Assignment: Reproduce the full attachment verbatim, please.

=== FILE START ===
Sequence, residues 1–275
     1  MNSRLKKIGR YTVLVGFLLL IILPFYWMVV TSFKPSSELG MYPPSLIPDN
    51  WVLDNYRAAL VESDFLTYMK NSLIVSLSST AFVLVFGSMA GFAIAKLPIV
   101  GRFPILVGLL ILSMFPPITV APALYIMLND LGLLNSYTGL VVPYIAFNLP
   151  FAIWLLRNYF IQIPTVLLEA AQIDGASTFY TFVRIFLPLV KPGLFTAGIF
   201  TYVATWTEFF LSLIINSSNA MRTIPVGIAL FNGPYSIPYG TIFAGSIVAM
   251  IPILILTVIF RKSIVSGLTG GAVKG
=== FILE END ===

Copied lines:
Sequence, residues 1–275
     1  MNSRLKKIGR YTVLVGFLLL IILPFYWMVV TSFKPSSELG MYPPSLIPDN
    51  WVLDNYRAAL VESDFLTYMK NSLIVSLSST AFVLVFGSMA GFAIAKLPIV
   101  GRFPILVGLL ILSMFPPITV APALYIMLND LGLLNSYTGL VVPYIAFNLP
   151  FAIWLLRNYF IQIPTVLLEA AQIDGASTFY TFVRIFLPLV KPGLFTAGIF
   201  TYVATWTEFF LSLIINSSNA MRTIPVGIAL FNGPYSIPYG TIFAGSIVAM
   251  IPILILTVIF RKSIVSGLTG GAVKG